12 Kansas City area CVS locations close as pharmacists walk out over working conditions

Nora Savosnick/Bloomberg

Twelve Kansas City area CVS locations unexpectedly closed Thursday and Friday because the pharmacists in charge there staged an organized walkout, calling in sick to protest recent corporate decisions.

One pharmacist — who spoke to The Star on the condition of anonymity because, they said, speaking to the media without permission results in automatic termination at CVS — said the walkout was the result of steadily declining working conditions.

Most of the affected locations locally are inside Target stores.

Among the grievances:

CVS has cut the number of working hours per week a pharmacist can have a technician (a pharmacist’s assistant) on hand. “We are open 64 hours a week, and I’m only allowed help for 20 of those hours,” the pharmacist said. “That means for 44 hours out of the week, the pharmacist is working entirely alone — filling prescriptions, answering phone calls, talking to doctors, waiting on walk-ups. It’s like running a McDonald’s with just one person.”

CVS has cut pharmacy hours at several Target locations. “I used to be open Monday through Friday, 9 a.m. to 7 p.m., Saturday 9 a.m. to 5 p.m. and Sunday 11 a.m. to 5 p.m.,” the pharmacist said. “Now, we’re open Monday through Friday, 10 a.m. to 6 p.m., and closed on the weekends.”

Because the stores inside Target typically perform better than stand-alone “core” stores, the pharmacist said, a regional manager recently mandated that Target pharmacists be reassigned to core CVS locations to improve service there. “They’re having a harder time staffing the core locations because working conditions are so bad there,” the pharmacist said. “They (CVS management) think that because our locations have been more successful, we should be reassigned to help fix the core locations. Our district leader refused to implement that and was fired on Tuesday.”

Amy Thibault, a spokesperson for CVS, told The Star on Friday: “A small number of CVS Pharmacy locations in the Kansas City area are closed today due to unexpected staffing issues. We’re making adjustments and plan to reopen as soon as possible. In the meantime, patients with immediate prescription needs can visit any open CVS Pharmacy for assistance.”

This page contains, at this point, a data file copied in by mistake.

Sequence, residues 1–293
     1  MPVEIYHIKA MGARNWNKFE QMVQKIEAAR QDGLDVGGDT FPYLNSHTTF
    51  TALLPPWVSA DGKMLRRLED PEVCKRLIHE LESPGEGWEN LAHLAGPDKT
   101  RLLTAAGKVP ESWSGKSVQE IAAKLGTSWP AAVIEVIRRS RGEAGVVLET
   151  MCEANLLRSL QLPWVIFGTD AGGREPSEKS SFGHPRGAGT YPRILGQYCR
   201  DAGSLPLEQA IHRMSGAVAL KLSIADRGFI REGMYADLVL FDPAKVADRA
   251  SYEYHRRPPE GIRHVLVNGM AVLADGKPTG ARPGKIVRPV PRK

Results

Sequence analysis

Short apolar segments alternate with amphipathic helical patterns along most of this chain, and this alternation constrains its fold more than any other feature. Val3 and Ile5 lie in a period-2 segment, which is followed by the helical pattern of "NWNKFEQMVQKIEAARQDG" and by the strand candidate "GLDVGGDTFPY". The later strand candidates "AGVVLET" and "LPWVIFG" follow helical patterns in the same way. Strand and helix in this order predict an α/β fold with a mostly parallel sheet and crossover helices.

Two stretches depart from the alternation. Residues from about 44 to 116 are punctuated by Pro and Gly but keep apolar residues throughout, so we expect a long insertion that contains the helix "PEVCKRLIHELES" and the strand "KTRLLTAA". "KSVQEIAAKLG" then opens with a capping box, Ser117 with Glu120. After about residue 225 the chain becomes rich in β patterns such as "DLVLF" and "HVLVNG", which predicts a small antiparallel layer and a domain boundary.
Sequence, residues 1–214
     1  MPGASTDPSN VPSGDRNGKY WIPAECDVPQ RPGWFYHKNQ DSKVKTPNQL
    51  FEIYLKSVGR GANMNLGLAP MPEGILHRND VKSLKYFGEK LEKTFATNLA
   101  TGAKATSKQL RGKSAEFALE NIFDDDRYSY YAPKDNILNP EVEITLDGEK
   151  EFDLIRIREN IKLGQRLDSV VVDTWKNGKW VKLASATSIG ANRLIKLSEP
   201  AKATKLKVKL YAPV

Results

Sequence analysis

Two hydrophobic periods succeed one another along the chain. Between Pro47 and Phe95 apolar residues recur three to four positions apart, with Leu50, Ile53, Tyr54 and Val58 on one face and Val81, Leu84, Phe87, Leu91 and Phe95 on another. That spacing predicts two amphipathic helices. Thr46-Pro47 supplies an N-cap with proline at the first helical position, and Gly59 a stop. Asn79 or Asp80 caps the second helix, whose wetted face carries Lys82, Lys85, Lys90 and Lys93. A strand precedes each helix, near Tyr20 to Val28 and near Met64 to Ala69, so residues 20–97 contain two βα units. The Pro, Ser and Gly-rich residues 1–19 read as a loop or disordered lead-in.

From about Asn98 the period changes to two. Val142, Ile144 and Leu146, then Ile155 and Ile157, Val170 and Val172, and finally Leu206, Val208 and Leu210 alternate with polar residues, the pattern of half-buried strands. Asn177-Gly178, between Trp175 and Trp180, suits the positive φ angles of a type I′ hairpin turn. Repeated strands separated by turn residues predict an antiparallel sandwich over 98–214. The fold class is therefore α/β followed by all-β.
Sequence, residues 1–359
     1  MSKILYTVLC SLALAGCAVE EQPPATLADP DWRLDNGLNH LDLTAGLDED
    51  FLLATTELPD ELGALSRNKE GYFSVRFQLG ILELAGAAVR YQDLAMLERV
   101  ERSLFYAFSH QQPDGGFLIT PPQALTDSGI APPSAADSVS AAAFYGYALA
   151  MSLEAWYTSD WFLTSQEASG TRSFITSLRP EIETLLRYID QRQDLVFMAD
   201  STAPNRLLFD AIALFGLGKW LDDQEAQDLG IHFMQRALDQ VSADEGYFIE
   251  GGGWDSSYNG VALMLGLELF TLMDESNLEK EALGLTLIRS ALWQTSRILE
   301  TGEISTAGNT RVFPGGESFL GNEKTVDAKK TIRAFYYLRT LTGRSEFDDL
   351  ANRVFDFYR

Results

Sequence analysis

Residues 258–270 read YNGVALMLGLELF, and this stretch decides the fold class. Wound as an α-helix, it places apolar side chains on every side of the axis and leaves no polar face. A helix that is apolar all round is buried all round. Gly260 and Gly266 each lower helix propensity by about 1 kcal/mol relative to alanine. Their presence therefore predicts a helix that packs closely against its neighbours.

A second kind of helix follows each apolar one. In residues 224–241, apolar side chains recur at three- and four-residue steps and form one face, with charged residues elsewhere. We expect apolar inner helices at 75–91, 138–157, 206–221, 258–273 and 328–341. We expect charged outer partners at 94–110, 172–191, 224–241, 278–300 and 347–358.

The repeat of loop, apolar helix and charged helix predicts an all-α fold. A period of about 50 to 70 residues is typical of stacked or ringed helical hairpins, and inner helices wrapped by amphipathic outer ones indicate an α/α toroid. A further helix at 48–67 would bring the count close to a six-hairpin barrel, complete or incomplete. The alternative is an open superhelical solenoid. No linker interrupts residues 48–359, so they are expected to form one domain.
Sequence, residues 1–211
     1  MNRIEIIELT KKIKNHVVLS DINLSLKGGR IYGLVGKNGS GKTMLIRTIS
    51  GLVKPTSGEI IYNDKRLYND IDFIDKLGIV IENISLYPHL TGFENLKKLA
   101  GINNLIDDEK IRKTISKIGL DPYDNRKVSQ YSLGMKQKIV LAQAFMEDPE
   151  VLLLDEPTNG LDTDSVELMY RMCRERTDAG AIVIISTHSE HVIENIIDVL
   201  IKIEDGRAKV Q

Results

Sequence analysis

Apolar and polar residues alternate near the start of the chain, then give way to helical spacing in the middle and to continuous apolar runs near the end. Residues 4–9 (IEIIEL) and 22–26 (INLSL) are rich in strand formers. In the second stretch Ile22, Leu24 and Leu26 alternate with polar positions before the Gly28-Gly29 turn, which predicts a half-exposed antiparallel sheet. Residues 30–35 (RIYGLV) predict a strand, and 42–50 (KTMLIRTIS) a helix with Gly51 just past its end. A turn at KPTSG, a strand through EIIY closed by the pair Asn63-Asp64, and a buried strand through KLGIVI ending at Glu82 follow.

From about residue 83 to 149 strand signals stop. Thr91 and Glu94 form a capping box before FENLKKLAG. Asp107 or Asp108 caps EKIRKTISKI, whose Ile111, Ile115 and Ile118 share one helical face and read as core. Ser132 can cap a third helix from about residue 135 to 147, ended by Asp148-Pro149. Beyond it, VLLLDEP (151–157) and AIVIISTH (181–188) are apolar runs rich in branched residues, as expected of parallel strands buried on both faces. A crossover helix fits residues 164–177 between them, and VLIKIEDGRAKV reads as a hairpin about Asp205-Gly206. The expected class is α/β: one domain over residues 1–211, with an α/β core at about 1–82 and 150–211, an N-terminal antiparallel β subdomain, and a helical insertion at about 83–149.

The pharmacist said CVS’ decisions are putting patients at risk.

“They keep stretching us thinner and thinner,” the pharmacist said. “I regularly work 10-hour days and don’t have time to pee or eat lunch. When you are expected to work like that, there are going to be mistakes. At some point, a pharmacist is going to lose their license or get sued or a patient will lose their life because somebody didn’t check for allergies or interactions, and it will be because of these policies.”

A second CVS pharmacist who spoke to The Star on the condition of anonymity, again for fear of losing their job, said in an email that CVS uses an “arbitrary algorithm” to determine how many technician hours each pharmacy deserves per week. “We are a healthcare facility and we need to be able to provide healthcare, but we absolutely can’t under these conditions,” they said.

Three pharmacists went back to work Friday, the first pharmacist said, out of concern for patients waiting on their prescriptions.

The CVS inside the Target at 12200 Blue Valley Parkway in Overland Park was closed Friday “due to circumstances beyond our control,” according to its automated phone line. The same was true at the CVS in the Target at 1850 N.W. Chipman Road in Lee’s Summit.

A stand-alone CVS store — 9521 Mission Road in Overland Park — was also closed Friday.

The pharmacist said those who had walked out had not heard anything back from management.

“It’s been two days now and nobody has reached out to us to ask why or how they can help,” the pharmacist said. “You’d think they’d have questions, but not so far. We’re not asking for more money. We’re just asking for simple human decency.”